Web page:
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batsona
Maryland

join:2004-04-17
Ellicott City, MD
Reviews:
·Vonage
·Verizon FiOS
reply to navyson

Re: FIOS internet - how much faster can FIOS get?

The limiting factor, is going to be the egress from the Verizon network. Sure, VZ could offer 500Mbit up/down, but what would it look like, when 100,000 people up and down the East coast for instance, try to stream their favorite TV shows & do other Internet stuff all at the same time.. All that traffic has to exit Verizon's network to get to the carrier that hosts that content. Unless there's a way to bond 50 OC192's together between carriers, and/or all carriers upgrade to multi-terrabit backbones, huge bandwidth only spells one thing: massive oversubscription. My original 768/90K DSL connection went to sleep at 5PM, so I went to cable-modem (in ~1999), and it too ended up going to sleep at 5PM. [For now], FiOS doesn't do this... yet(?)



houkouonchi

join:2002-07-22
Ontario, CA
Reviews:
·Verizon FiOS

said by batsona:

The limiting factor, is going to be the egress from the Verizon network. Sure, VZ could offer 500Mbit up/down, but what would it look like, when 100,000 people up and down the East coast for instance, try to stream their favorite TV shows & do other Internet stuff all at the same time.. All that traffic has to exit Verizon's network to get to the carrier that hosts that content. Unless there's a way to bond 50 OC192's together between carriers, and/or all carriers upgrade to multi-terrabit backbones, huge bandwidth only spells one thing: massive oversubscription. My original 768/90K DSL connection went to sleep at 5PM, so I went to cable-modem (in ~1999), and it too ended up going to sleep at 5PM. [For now], FiOS doesn't do this... yet(?)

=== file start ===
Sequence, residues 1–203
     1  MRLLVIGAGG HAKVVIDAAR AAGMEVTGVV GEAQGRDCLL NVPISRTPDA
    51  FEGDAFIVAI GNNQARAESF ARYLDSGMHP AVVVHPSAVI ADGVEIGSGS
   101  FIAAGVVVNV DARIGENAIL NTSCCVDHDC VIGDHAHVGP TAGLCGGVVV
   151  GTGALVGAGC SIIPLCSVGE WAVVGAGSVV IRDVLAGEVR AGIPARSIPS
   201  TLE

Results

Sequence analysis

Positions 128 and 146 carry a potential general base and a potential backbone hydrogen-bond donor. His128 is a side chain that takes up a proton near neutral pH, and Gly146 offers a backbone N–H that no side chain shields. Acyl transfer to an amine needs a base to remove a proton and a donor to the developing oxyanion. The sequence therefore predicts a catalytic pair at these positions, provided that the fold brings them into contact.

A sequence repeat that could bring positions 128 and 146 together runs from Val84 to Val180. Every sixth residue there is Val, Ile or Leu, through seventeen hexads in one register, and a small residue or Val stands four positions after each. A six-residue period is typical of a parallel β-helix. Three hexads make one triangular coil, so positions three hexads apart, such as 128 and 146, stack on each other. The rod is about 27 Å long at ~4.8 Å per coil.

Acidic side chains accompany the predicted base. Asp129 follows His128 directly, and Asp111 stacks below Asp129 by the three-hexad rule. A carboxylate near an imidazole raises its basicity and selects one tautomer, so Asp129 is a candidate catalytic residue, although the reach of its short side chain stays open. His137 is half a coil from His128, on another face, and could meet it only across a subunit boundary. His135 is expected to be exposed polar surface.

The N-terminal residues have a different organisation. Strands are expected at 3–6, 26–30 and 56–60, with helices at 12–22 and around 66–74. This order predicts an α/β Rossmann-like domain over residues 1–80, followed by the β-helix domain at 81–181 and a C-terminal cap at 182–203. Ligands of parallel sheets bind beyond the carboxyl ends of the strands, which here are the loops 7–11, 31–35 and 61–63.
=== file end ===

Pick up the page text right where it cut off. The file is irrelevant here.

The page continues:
10 gigabit ethernet is the new standard these days with 40 gige and 100gige options as well. You can provide for *a lot* of customers with a single 10 gige link. VZ also balances load between multiple routers.

You can also easily put up to 8 links in a bonded (802.3ad) port-channel/lacp which could easily do 80 gig with 10 gig links. VZ is alter.net which is a tier1 provider. They have *massive* pipelines to all the other tier 1 transit providers (as its required to have settlement free peering with other tier1's to be a tier1 transit provider).
--
300/150 mbit Bonded Verizon FiOS connection FTW!

zippoboy7

join:2006-06-18
USA

said by houkouonchi:

said by batsona:

The limiting factor, is going to be the egress from the Verizon network. Sure, VZ could offer 500Mbit up/down, but what would it look like, when 100,000 people up and down the East coast for instance, try to stream their favorite TV shows & do other Internet stuff all at the same time.. All that traffic has to exit Verizon's network to get to the carrier that hosts that content. Unless there's a way to bond 50 OC192's together between carriers, and/or all carriers upgrade to multi-terrabit backbones, huge bandwidth only spells one thing: massive oversubscription. My original 768/90K DSL connection went to sleep at 5PM, so I went to cable-modem (in ~1999), and it too ended up going to sleep at 5PM. [For now], FiOS doesn't do this... yet(?)